Gone Outdoors

Places to SCUBA Dive in Kentucky

by Edwin Thomas

A widespread misconception is that landlocked states far from the sea, such as Kentucky, are virtually devoid of places to scuba dive. In reality, Kentucky has a handful of quarries and lakes with the underwater features that make for interesting freshwater diving. Although lake and quarry diving is usually marked by murky, cold water, a few areas in Kentucky stand out in spite of these conditions.

Falling Rock Park

Falling Rock is a privately-owned quarry turned diving area. It serves as a major training dive site for the Louisville Dive Center and the New Horizons Dive Center in Lexington. However, the quarry does not have its own dive center, so divers using the park must rent any gear from a dive center before arriving at the quarry. Visibility in the quarry is usually about 20 feet, with a surface water temperature in the lower 70s Fahrenheit during the summer. Like most rock quarries, Falling Rock is marked by a series of sharp thermoclines, so by 45 or 50 feet deep the temperature has plunged into the 50s. The lake bottom has sunken cars, trucks and boats, and the waters are populated by bass, bluegill and catfish. Joe's Quarry/Falling Rock Park Fendley Mill Road LeGrange, KY 502-939-5049 fallingrockpark.com

Lake Cumberland

A dam reservoir of the Cumberland River, Lake Cumberland is over 100 miles long and in places is as much as 200 feet deep, making it the largest lake in Kentucky. Coupled with a handful of interesting features on the lake bottom that serve as dive sites, this makes it one of Kentucky's best diving areas. The lake has temperatures reaching the lower 80s Fahrenheit on the surface, but is marked by starkly cold thermoclines starting at between 15 and 30 feet. Visibility can be measured by mere inches in the spring, but is usually around 15 to 20 feet in summer. The lake has that classic of dam reservoir diving, namely submerged towns, although these ruined towns should only be attempted by divers with extensive wreck penetration or cave exploration experience. Novice and intermediate divers should try the rocks and fallen trees around Pig Pen Point (also known as Governor's Point), which has a sunken houseboat and plenty of freshwater fish. Beaver Creek Marina on the lake has an air compressor suitable for filling scuba tanks, but there is no dive center near the lake, so any rental gear must be rented elsewhere and brought to the lake. Lake Cumberland State Resort Park 5465 State Park Road Jamestown, KY 42629 270-343-3111 parks.ky.gov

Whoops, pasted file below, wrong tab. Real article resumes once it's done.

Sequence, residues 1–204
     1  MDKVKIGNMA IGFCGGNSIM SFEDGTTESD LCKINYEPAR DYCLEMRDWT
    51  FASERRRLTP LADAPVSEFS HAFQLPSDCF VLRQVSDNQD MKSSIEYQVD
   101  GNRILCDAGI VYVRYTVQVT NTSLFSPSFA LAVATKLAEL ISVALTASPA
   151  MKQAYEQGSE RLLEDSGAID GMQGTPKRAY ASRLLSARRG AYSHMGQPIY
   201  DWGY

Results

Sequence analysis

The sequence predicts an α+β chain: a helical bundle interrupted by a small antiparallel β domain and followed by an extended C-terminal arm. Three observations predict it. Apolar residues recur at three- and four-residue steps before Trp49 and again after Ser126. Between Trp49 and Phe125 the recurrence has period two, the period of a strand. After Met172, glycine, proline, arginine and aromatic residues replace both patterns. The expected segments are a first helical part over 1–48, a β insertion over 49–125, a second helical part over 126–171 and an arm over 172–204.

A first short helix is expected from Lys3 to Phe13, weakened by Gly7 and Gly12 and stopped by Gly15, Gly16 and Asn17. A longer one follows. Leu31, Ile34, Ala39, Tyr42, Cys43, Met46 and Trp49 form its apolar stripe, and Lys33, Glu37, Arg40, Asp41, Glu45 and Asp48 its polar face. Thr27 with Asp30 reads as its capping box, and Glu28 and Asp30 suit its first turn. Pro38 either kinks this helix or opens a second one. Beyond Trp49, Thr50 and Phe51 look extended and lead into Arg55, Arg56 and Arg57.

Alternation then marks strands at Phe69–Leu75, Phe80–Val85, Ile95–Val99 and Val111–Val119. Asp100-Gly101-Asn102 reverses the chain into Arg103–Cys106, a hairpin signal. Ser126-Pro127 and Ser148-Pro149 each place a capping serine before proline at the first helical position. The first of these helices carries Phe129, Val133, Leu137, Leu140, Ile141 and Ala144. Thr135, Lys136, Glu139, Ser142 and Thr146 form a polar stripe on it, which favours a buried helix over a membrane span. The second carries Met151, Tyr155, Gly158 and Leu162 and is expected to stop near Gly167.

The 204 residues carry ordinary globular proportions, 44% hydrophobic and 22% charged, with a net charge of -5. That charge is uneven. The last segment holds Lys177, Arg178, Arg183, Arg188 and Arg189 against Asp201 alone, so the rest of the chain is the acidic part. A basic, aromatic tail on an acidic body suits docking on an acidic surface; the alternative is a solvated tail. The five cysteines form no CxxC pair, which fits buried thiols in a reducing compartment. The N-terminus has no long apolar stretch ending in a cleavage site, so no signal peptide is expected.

Pennyroyal Scuba Center

Pennyroyal is the one diving area in Kentucky that has its own dive center, so divers can rent gear from an on-site facility. The quarry is up to 120 feet deep in places, with a visibility in the 10- to 15-foot range. The surface can reach temperatures in the mid-80s Fahrenheit in summer, but temperatures at depth are in the upper 50s or lower. Sunken features on the quarry bottom include a 1941 Dodge firetruck and an old helicopter, and the lake hosts a large fish population due partially to their policy banning both rod-and-reel fishing and spearfishing at the quarry. Pennyroyal Scuba Center 602 Christian Quarry Road Hopkinsville, KY 42240 270-887-2585 pennyroyalscuba.com

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